A WALK THROUGH ROME ~ MIRTO DI PANAREA by Acqua di Parma

For the first time since she had arrived in Rome Helen Rivers felt good enough to get out of bed. Her husband and son had gone off for a day trip to Florence with their Cornell Alumni tour group. She was left on her own to recuperate from the bad cold that had hit her almost as soon as their plane from Seattle touched down on the tarmac at Fiumicino International.

It was an almost warm sunny morning that February 14th 1999, and it was her 70th birthday. She would be spending alone until that evening when Earl and Mark returned. Her first birthday alone. She dressed quickly and while applying her rose petal pink lipstick she tried to think of what to do on her own in Rome. She was at a loss. Maybe just wander?

At the elevator on the 5th floor of the Excelsior Hotel she saw the two burly young men who stood guard to the entrance to the south wing of the hotel. They had been there for two days now standing guard, handsome young men, one blond the other black. They nodded to her for the first time.

“Who is staying on this floor with us? It must be someone very important to have you boys here day and night.”

“Sorry Ma’am, we are not at liberty to say.” The blond said in a buttery British baritone.

“Oh, I see,” she said with a wink in her voice. “If you did tell me you would have to kill me. Just like in a James Bond movie.”

The black guard looked at the carpet before him and tried to suppress a smile.

The elevator door opened, Helen stepped in and turned to face the two men in the little marble and gilt lobby. She smiled. “I bet I can guess by the time I see you again just who it is. Have a nice day.”  The blond man winked at her.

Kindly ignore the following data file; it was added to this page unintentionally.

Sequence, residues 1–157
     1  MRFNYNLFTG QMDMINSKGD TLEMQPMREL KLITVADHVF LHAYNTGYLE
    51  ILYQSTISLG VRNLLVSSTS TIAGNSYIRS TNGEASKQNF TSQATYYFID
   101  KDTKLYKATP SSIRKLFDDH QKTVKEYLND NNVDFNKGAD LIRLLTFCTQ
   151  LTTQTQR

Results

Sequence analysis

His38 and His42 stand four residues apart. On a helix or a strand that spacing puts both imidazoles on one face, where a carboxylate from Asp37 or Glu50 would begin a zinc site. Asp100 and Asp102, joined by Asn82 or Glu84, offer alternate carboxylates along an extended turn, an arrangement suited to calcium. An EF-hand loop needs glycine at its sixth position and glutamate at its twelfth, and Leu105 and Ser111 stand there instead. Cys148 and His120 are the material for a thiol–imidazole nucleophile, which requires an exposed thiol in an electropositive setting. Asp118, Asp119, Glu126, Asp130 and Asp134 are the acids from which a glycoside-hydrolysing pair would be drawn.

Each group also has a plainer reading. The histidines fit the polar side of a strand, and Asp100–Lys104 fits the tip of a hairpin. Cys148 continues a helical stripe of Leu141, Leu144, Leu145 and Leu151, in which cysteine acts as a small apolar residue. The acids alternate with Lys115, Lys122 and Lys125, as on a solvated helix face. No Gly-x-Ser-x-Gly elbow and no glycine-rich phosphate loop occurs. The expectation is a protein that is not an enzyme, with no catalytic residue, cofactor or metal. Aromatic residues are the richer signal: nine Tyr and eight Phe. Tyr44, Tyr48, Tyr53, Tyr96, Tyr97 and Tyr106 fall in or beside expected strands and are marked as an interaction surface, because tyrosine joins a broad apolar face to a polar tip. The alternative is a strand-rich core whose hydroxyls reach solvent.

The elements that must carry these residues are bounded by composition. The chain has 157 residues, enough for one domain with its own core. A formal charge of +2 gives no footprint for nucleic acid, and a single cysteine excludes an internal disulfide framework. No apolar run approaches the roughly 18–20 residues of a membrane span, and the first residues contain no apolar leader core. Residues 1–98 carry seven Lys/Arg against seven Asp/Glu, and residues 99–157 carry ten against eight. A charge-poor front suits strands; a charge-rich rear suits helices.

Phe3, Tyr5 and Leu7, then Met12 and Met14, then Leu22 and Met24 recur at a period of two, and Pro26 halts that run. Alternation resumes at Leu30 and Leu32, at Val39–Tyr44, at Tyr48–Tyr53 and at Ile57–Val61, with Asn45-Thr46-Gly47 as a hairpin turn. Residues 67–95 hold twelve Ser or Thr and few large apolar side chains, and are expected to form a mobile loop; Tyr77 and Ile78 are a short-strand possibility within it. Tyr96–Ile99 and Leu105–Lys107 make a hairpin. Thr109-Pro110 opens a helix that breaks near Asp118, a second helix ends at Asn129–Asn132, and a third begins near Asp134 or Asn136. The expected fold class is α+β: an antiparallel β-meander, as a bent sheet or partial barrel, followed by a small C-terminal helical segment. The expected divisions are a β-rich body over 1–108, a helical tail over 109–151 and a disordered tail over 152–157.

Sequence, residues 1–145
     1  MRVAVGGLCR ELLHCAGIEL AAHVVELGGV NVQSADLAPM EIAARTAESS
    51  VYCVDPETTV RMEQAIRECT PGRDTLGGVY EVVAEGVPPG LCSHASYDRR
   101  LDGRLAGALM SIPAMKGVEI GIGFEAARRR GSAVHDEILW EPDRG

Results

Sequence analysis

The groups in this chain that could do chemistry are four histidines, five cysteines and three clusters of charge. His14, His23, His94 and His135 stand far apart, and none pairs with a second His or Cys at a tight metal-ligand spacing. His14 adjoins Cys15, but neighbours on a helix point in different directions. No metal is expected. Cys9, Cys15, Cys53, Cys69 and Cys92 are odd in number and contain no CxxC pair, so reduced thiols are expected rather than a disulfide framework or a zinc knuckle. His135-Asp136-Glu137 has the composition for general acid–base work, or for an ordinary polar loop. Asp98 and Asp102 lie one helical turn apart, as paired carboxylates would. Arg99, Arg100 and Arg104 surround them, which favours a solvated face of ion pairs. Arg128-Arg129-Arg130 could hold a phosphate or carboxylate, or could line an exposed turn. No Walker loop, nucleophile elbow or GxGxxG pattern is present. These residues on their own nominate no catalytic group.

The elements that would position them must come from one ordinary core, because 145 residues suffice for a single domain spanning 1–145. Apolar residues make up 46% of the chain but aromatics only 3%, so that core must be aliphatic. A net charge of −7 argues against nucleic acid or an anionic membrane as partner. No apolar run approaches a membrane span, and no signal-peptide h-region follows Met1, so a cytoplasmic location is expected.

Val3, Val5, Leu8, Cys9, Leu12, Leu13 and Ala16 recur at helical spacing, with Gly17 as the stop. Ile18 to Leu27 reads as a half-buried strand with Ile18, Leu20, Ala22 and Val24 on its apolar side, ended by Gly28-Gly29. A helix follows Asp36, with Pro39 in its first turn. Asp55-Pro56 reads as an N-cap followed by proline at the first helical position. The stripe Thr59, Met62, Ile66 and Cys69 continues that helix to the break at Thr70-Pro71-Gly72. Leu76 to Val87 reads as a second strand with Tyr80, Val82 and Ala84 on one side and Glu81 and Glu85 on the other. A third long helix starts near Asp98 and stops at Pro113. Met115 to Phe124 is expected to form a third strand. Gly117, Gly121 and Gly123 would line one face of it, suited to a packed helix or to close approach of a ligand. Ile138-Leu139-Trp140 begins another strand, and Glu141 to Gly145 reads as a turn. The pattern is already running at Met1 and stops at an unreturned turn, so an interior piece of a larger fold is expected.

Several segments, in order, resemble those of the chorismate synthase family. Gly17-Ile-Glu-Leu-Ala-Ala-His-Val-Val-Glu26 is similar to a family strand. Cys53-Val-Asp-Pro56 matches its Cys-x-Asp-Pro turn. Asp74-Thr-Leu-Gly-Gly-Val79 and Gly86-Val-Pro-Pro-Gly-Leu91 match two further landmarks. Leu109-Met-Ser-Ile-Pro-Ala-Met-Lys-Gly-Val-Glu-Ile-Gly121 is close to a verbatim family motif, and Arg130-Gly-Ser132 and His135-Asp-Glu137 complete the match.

“I bet you can’t.” he said as the elevator doors slid shut.

After a light breakfast of coffee, croissants and a juicy Blood Orange, Helen stepped from the porte-cochère of the hotel onto the once very glamorous Via Veneto.  She turned left to stroll down the curving avenue past the American Embassy into the heart of Rome. She took a deep breath and for the first time in a week realize that she could smell things again. Rome smelled like the most fabulous open air restaurant in the world. A delicious mix of fresh bread, roasting Osso Buco, spices, herbs and roasting coffee beans. It was intoxicating, and for the first time that week she forgot all about her cold.

Helen wandered and simply surrendered to let the city surprise her.  The Quirinale Gardens she found quite by accident and they in turn lead her to the Trevi Fountain. From there she went north along the Via dei due Macelli to the Spanish Steps where she refreshed herself with tea at Babingtons Tea Rooms. She found the windows of Bulgari on the Via dei Condotti and admired the baubles safe behind bullet proof glass. At the Via del Corso she turned south until she reached the Piazza Colonna, she sauntered west through this, the political heart of Rome then south again to the Piazza di Pietra where she was astounded to see encased in a 17th century Papal Palace the facade of the eighteen hundred year old temple of Hadrian. Now instead of a Roman God, it housed an ordinary bank.

She had been walking for quite some time and the cobblestones beneath her marshmallow white tennis shoes were beginning to make their impression on her tender soles. Somehow it didn’t matter. She had to see what was around the next corner.

She stumbled upon the baroque and very theatrical Piazza di Sant’Ignazio. It was magical in the noon light. And along the southern side of the piazza was the glorious Chiesa di Sant’ Ignazio di Loyola with an open door that lead into whispering darkness. Inside she found the amazing trompe l’oeil ceiling that created the illusion of a dome over the center of the church. She sat in a pew looking up in wonder at the near photo realistic illusion in paint and plaster.

After lighting a candle in memory of her mother Helen left the church, she was getting hungry and decided to head west to find a cafe. There was a slight curve to the street and as she walked along it an astonishing sight slid into view. It loomed in epic magnificence brilliant in the sun between the dark walls of the five-story tall canyon that was the Via del Seminario.  When she reached the end of the road the walls of the canyon fell away to reveal the Piazza della Rotunda and there sanding as strong and eternal as it had when the Visigoth Kings Alaric and Genseric both spared its destruction for its beauty stood The Pantheon. The temple to all the Gods built by Marcus Agrippa after the battle of Actium and rebuilt by the emperor Hadrian.